Astronomy and Astrophysics, volume 656A, 57-57 (2021/12-1)
Wavelength calibration and resolving power of the JWST MIRI Medium Resolution Spectrometer.
LABIANO A., ARGYRIOU I., ALVAREZ-MARQUEZ J., GLASSE A., GLAUSER A., PATAPIS P., LAW D., BRANDL B.R., JUSTTANONT K., LAHUIS F., MARTINEZ-GALARZA J.R., MUELLER M., NORIEGA-CRESPO A., ROYER P., SHAUGHNESSY B. and VANDENBUSSCHE B.
Abstract (from CDS):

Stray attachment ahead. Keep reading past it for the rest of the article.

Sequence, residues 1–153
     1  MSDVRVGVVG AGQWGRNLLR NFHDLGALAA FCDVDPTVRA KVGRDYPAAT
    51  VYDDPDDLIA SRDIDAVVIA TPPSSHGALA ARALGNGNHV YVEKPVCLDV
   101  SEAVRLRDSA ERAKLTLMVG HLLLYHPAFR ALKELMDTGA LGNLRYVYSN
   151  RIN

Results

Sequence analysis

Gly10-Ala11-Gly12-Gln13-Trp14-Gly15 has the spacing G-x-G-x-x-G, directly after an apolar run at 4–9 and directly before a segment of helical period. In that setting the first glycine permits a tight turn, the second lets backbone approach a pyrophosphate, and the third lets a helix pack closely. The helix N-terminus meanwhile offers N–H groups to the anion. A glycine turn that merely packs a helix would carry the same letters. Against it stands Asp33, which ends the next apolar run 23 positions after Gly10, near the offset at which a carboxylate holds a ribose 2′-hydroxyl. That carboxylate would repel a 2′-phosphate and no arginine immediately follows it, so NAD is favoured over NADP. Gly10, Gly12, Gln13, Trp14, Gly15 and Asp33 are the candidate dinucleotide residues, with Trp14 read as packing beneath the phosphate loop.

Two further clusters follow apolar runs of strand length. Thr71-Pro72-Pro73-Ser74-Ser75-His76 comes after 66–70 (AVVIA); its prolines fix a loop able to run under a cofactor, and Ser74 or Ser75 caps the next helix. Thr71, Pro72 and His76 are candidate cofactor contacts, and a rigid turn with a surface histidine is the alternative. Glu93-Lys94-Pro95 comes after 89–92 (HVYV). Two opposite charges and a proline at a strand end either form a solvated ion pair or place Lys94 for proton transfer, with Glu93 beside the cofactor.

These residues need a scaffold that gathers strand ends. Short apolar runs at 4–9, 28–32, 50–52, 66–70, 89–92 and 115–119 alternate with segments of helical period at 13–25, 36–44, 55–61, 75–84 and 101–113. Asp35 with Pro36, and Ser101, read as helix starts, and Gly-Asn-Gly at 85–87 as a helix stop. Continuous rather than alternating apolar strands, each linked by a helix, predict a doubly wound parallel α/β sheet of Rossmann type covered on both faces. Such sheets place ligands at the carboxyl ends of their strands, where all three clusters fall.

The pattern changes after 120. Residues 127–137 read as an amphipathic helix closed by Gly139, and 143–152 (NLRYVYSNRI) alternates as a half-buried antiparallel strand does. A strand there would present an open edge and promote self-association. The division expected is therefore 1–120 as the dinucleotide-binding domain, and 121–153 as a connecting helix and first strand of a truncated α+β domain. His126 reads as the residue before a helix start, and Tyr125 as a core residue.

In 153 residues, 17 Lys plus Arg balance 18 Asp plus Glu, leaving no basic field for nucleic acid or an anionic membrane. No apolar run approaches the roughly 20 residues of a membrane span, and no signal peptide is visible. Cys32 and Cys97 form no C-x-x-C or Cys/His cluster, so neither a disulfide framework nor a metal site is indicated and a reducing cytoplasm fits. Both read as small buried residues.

Context. The Mid-Infrared Instrument (MIRI) onboard the James Webb Space Telescope (JWST) will provide imaging, coronagraphy, low-resolution spectroscopy, and medium-resolution spectroscopy at unprecedented sensitivity levels in the mid-infrared wavelength range. The Medium Resolution Spectrometer (MRS) of MIRI is an integral field spectrograph that provides diffraction-limited spectroscopy between 4.9 and 28.3 µm, within a field of view (FOV) varying from ∼13 to ∼56 arcsec square. The design for MIRI MRS conforms with the goals of the JWST mission to observe high redshift galaxies and to study cosmology as well as observations of galactic objects, and stellar and planetary systems. Aims. From ground testing, we calculate the physical parameters essential for general observers and calibrating the wavelength solution and resolving power of the MRS which is critical for maximizing the scientific performance of the instrument. Methods. We have used ground-based observations of discrete spectral features in combination with Fabry-Perot etalon spectra to characterize the wavelength solution and spectral resolving power of the MRS. We present the methodology used to derive the MRS spectral characterization, which includes the precise wavelength coverage of each MRS sub-band, computation of the resolving power as a function of wavelength, and measuring slice-dependent spectral distortions. Results. The ground calibration of the MRS shows that it will cover the wavelength ranges from 4.9 to 28.3 µm, divided in 12 overlapping spectral sub-bands. The resolving power is R ≥ 3500 in channel 1, R ≥ 3000 in channel 2, R ≥ 2500 in channel 3, and R ≥ 1500 in channel 4. The MRS spectral resolution optimizes the sensitivity for detection of spectral features with a velocity width of ∼100 km s–1 which is characteristic of most astronomical phenomena JWST aims to study in the mid-infrared. Based on the ground test data, the wavelength calibration accuracy is estimated to be below one-tenth of a pixel (0.1 nm at 5 µm and 0.4 at 28 µm), with small systematic shifts due to the target position within a slice for unresolved sources that have a maximum amplitude of about 0.25 spectral resolution elements. The absolute wavelength calibration is presently uncertain at the level of 0.35 nm at 5 µm and 46 nm at 28 µm, and it will be refined using in-flight commissioning observations. Conclusions. Based on ground test data, the MRS complies with the spectral requirements for both the R and wavelength accuracy for which it was designed. We also present the commissioning strategies and targets that will be followed to update the spectral characterization of the MRS.